When you deduct all of the above from the sale price you are left with the gain which is then subject to capital gains tax.

Incidental costs of disposal include certain costs of the vendor i.e. legal fees etc; however the First Tribunal...

Does Possession Still Amount to 9/10 of the Law?

Posted by on May 24th 2017 in Litigation, Property

A series of high profile squatter claims involving expensive West London properties led to significant reform of the right for squatters to claim ownership of occupied land.  

To make a successful claim for adverse possession one must prove uninterrupted factual possession for a certain period of time. To be in factual possession a squatter must exert exclusive control over the land while treating the land as if they were the owner occupier.  There must also be intention to possess the land during the relevant period. Where the intention is equivocal, corroborative evidence will be required.

Being successful with an adverse possession...

Online Database of Criminal Landlords

Posted by on May 16th 2017 in Blog Posts, Commercial Property , Contentious Probate, Property

Online Database of Criminal Landlords

Mayor of London to introduce a new online database of criminal landlords and letting agents

The Mayor of London, Sadiq Khan, announced on 26 April 2017 that a new online database will be launched in the autumn to “name and shame” criminal landlords and letting agencies who have been successfully prosecuted for housing offences.

There is an estimated 2 million private renters in London and therefore by introducing the online database the Mayor believes that it will give renters greater confidence in renting in London by giving them the opportunity to check prospective landlord or letting agents before entering into a...

The Bank of Mum & Dad Now in the Top 10 of Lenders

Posted by on May 10th 2017 in Blog Posts, Property

The Bank of Mum & Dad Now in the Top 10 of Lenders

With the average first-time buyer requiring a deposit of £26,000 and the average annual salary being £27,600, it is no surprise that first-time buyers are getting older (the average age has increased from 30 to 33) and the number of people buying a property on their own is decreasing (from 29% in 1994/95 to 14% in 2014/15). More people are also now buying in couples – this has increased from 63% to 80% in the same time period. Parents are predicted to lend £6.5bn to their children this year, making them one of the top ten biggest mortgage lenders in...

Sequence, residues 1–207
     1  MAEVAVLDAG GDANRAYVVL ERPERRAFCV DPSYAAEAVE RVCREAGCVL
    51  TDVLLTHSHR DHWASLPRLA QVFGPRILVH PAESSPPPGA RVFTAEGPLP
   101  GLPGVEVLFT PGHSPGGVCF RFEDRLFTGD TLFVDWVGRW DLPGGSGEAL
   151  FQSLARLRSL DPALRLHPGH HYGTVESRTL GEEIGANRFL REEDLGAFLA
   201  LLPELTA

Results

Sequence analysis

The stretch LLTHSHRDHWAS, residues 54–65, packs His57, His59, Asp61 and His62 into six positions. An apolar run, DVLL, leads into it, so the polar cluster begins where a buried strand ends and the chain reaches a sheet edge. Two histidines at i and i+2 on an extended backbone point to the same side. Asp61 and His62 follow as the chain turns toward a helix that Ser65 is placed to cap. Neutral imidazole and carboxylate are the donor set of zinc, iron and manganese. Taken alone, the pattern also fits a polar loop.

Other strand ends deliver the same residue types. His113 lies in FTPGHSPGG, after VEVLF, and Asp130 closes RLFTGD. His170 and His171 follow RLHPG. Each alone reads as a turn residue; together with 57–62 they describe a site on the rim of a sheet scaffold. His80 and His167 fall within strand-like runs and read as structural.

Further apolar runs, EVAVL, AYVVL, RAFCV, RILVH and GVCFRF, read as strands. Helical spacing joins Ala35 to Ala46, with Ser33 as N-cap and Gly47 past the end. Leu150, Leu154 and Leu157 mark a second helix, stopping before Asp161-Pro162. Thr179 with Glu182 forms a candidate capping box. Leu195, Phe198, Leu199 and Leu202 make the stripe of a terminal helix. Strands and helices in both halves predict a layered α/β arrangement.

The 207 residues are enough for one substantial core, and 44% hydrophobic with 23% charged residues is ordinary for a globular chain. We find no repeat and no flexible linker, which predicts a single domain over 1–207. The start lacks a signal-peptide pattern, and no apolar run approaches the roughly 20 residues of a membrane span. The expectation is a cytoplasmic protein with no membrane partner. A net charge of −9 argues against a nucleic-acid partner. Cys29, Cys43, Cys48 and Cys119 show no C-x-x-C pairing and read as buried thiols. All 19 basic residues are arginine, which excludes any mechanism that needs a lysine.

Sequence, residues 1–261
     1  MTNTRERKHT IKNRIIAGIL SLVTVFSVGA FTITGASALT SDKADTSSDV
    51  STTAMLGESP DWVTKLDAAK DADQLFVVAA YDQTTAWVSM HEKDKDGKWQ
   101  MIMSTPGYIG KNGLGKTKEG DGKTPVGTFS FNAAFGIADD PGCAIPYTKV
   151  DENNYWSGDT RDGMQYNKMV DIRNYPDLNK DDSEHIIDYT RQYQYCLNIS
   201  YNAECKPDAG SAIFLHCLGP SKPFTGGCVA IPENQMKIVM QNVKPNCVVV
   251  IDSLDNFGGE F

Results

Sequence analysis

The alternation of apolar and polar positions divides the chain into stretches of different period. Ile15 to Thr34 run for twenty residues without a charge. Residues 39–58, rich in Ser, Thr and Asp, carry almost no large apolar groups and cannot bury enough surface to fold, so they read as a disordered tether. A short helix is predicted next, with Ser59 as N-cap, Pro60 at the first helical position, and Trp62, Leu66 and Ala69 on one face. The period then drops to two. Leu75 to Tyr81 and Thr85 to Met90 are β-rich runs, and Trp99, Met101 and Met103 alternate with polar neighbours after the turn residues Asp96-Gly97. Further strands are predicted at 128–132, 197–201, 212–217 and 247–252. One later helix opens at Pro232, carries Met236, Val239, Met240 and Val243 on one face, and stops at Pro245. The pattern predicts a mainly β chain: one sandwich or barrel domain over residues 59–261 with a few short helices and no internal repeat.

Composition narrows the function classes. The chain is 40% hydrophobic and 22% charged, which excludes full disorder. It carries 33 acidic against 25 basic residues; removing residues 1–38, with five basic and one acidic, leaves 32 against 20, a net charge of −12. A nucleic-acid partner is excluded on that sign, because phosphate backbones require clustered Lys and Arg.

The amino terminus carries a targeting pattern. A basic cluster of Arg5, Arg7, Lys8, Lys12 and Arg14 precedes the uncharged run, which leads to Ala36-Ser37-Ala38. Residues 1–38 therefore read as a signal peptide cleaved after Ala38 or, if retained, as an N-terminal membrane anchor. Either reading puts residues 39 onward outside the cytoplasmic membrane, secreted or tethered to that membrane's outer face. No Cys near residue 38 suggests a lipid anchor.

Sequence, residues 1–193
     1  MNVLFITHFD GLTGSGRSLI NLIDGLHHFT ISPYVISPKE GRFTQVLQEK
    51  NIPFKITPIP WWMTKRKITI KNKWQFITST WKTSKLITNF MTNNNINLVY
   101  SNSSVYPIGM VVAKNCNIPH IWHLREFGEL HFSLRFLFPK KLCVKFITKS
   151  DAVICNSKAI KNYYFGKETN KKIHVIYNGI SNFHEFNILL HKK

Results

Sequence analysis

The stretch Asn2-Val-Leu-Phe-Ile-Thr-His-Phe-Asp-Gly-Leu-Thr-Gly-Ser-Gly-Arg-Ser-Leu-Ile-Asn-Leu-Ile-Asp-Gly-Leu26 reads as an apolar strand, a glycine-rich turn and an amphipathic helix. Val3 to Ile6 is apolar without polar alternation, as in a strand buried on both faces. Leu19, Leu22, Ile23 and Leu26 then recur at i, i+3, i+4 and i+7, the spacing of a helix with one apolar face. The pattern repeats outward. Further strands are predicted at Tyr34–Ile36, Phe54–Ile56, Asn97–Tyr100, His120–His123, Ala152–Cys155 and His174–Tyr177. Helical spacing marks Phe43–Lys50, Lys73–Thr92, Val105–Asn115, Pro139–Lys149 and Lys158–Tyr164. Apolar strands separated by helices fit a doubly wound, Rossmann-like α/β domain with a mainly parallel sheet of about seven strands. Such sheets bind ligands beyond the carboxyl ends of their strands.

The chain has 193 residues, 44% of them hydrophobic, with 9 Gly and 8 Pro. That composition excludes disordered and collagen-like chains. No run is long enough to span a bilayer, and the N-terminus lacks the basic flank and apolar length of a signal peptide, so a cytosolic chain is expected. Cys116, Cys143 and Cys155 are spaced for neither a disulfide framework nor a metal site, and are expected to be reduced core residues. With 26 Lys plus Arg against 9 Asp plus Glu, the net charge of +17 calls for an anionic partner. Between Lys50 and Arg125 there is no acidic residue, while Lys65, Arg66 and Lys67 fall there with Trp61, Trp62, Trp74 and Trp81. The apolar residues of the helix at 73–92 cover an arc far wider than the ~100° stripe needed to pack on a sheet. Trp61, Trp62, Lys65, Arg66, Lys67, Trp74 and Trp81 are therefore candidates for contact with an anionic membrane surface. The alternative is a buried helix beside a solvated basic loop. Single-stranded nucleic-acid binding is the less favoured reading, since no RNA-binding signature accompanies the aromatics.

What Makes a House a House?

Posted by on April 17th 2017 in Blog Posts, Property

What Makes a House a House?

In Grosvenor (Mayfair) Estate v Merix International Ventures Ltd & Another [2017] EWCA Civ 190 the Court of Appeal had to consider what makes a property a house.  If a property is a “house” under the Leasehold Reform Act 1967 (the ’67 Act), then a tenant may be entitled to purchase the freehold or extend their lease. The Court had to apply the law to the facts to determine the entitlement of the tenant.

Certain criteria must be fulfilled to entitle a tenant to enfranchise or extend. The tenant must hold a long leasehold of the property (more than 21 years)...

Can you Enjoy an Easement to use a Golf Course, Swimming Pool and Tennis Court ?

Posted by on April 15th 2017 in Blog Posts, Property

In the case of Regency Villas Title Ltd v others v Diamond Resorts (Europe) Ltd and another [2017] EWCA Civ 238 (“Regency”), the Court of Appeal considered whether the right granted to use a golf course, swimming pool and tennis court was capable of forming a legal easement.   Regency explored the test established in Re Ellenborough Park  [1955] EWCA Civ 4 where the Court of Appeal had to consider the validity of easements, of various kinds, to enjoy recreational facilities.

Regency Villas Title Ltd was the freehold owner of Elham House which lies in the middle...